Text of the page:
Banks (Commercial, Merchant & Development banks) offer credits to Small & Medium Enterprise in Nigeria. Before giving you a loan, they need to ascertain that you are creditworthy, and your business would have gotten to a particular stage. Also, you need to know that before applying for a loan, your small-scale business must conform with the goals and interest of the financial institution you want to apply to. Other things banks put into consideration before disbursing a loan are a well-written business plan, a financial record, collateral, and a guarantor. Nevertheless, many financial institutions are sceptical about giving SMEs loans because of the associated risks. Some prefer to pay the fine imposed for not meeting the target of giving SMEs loans than run the risk of being exposed to them.
Funding from Small and Medium Industries Equity Investment Scheme (SMIEIS)
Another source of funding for SMEs in Nigeria is the Small and Medium Industries Equity Investment Scheme (SMIEIS) Fund. This type of funding is designed to finance SMEs through venture capital. This initiative is from the government and its aim is to advance SMEs to drive industrialisation, poverty mitigation, sustainable economic development, and creation of employment. Venture Capital financing provides funds as a loan to SMEs with the idea of converting the debt capital into equity in future. Venture capital may be regarded as an equity investment where investors expect significant capital gains in return for accepting the risk that they may lose all their equity. To be eligible for equity funding under the scheme, a prospective beneficiary shall have the following:
- Be registered as a limited liability company with the Corporate Affairs Commission and comply with all relevant regulations of the Companies and Allied Matters Act (2020) such as filing of annual returns, including audited financial statements.
- Be in compliance with all applicable tax laws and regulations and render regular returns to the appropriate authorities.
Grants from non-governmental organisations/foundations
Business grants are another source of funding and they are mostly given by NGOs and foundations. These grants can be accessed by individuals, firms/company, business, or corporations to develop their businesses or scale up operations. One of the best ways to get finance for business or ideas is getting a grant. While a loan is a good alternative, a grant is far better than a loan. It gives you the peace of mind to build and grow your business or idea. It is like getting “free money.” There are many organizations that offer grants in Nigeria, Africa and worldwide. Some of these organizations are the Tony Elumelu Foundation, Bank of Industry, YouWIN, AYEEN financial grant, etc.
This is a situation where business owners resort to funding their businesses with their savings and revenue without the support of venture capitalists or bank loans. Apart from personal savings, financial support for businesses, especially at the startup stage, can also be sourced from relatives and friends.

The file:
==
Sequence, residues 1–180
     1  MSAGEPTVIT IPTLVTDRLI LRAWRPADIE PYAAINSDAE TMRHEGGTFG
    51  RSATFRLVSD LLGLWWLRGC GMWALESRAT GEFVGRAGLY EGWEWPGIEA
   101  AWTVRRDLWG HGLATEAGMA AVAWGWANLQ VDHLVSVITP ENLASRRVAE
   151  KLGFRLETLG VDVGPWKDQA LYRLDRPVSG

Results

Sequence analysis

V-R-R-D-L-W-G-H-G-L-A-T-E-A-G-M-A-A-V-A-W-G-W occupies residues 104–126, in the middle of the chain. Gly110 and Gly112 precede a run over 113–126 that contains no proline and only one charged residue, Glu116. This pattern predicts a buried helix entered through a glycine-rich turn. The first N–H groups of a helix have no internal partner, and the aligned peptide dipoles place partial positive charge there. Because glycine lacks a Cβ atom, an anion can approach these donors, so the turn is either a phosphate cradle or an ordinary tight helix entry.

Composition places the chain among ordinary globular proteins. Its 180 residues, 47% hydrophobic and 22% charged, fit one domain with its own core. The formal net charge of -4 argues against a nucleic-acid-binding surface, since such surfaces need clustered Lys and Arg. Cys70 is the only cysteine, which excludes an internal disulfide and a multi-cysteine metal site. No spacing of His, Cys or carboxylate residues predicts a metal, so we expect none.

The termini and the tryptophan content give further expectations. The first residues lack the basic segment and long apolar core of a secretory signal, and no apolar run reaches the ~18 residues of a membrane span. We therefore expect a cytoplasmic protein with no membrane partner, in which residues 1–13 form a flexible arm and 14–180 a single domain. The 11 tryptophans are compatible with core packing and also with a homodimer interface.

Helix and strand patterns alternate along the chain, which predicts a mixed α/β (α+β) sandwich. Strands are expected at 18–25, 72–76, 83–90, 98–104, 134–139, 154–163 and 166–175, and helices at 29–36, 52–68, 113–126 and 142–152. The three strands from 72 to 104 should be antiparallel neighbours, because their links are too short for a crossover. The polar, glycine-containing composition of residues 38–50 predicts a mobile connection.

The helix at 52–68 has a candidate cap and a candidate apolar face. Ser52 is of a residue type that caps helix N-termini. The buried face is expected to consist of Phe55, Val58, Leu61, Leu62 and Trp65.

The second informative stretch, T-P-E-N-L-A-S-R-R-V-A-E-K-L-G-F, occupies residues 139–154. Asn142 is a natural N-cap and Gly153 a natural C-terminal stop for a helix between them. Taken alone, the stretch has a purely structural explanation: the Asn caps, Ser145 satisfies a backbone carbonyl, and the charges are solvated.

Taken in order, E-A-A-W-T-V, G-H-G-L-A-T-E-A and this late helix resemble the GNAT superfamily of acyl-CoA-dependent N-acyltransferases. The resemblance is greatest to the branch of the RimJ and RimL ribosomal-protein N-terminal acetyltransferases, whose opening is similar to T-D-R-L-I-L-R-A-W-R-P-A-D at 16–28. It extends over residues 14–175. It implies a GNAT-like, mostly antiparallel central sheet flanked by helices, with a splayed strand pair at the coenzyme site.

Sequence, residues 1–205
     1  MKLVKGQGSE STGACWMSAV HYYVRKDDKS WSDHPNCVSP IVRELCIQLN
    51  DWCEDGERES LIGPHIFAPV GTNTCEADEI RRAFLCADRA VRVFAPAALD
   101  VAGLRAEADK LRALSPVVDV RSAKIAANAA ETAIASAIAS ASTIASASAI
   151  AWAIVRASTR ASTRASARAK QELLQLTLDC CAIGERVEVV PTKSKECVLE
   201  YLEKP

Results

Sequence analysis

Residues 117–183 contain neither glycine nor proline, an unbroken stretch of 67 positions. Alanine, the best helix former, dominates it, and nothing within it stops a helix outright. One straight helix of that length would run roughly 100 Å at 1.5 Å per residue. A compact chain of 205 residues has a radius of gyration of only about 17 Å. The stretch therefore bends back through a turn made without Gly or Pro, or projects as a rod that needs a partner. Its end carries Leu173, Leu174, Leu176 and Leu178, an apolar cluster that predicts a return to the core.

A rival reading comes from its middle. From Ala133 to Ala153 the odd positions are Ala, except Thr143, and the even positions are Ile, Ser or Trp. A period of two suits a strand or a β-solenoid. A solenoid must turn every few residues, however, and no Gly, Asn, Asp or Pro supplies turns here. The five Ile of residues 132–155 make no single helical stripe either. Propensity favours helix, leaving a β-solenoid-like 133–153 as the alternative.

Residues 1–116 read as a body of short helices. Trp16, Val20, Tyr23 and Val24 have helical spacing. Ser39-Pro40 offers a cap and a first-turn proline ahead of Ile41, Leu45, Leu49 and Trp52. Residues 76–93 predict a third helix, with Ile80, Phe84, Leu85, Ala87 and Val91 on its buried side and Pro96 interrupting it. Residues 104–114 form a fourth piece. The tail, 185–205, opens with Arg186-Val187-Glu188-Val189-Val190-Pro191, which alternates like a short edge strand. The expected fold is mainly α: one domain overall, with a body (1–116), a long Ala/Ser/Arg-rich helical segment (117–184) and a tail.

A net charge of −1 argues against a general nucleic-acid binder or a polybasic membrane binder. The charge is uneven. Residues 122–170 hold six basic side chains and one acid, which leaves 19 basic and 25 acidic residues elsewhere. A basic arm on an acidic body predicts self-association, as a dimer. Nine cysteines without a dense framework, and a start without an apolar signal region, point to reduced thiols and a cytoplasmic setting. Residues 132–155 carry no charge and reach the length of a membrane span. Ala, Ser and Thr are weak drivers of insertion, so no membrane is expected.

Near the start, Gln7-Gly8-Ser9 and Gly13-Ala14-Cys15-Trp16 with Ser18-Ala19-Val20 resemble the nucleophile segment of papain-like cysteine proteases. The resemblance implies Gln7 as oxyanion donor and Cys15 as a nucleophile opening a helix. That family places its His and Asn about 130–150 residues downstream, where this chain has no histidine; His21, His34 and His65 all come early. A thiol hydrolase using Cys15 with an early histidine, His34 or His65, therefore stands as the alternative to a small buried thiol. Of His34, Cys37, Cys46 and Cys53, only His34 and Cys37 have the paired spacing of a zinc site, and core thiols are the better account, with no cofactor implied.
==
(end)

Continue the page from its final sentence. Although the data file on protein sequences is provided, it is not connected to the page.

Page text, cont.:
Getting loans from microfinance schemes/moneylenders
Due to the rigorous processes and high interest rates demanded by commercial banks, Microfinance banks were established to assist small businesses in securing loans. SMEs are eligible for Microfinance loans if they meet the requirements stipulated by the bank.
In conclusion, SMEs constitute the driving force of industrial growth and development in the country. The government should focus on and nurture the sector by making funds at low-interest rates more accessible to players in it to help them thrive.
How to invest for retirement
Planning for retirement means planning to reduce obligation in the future by investing today.
“If you plan to retire in five years what should you be doing today?” That’s a question I got last week, and talking with the client, a lot came up which I have decided to share.
First off, What is retirement?
Nigeria’s public service has an official retirement age of 60 or thirty-five years of unbroken active working service, but in financial planning, retirement is a financial, not a chronological event. Retirement can occur when your passive income can meet your non-discretionary expenses.
You start to plan for retirement the day you start to earn an income. Your retirement plan will centre on how to generate passive income and reduce expenses. In Financial Planning, Four distinct stages are usually described in a so-called Lifecycle Chart. These are the Accumulation, Consolidation, Spending, and Gifting stages. Chart 1. Financial LifeCycle seeks to segment investing priorities, recommended asset allocation, and risk profile in a chronological timeline as the person gets older. I will take each of these stages and explain how they are linked to your retirement plan.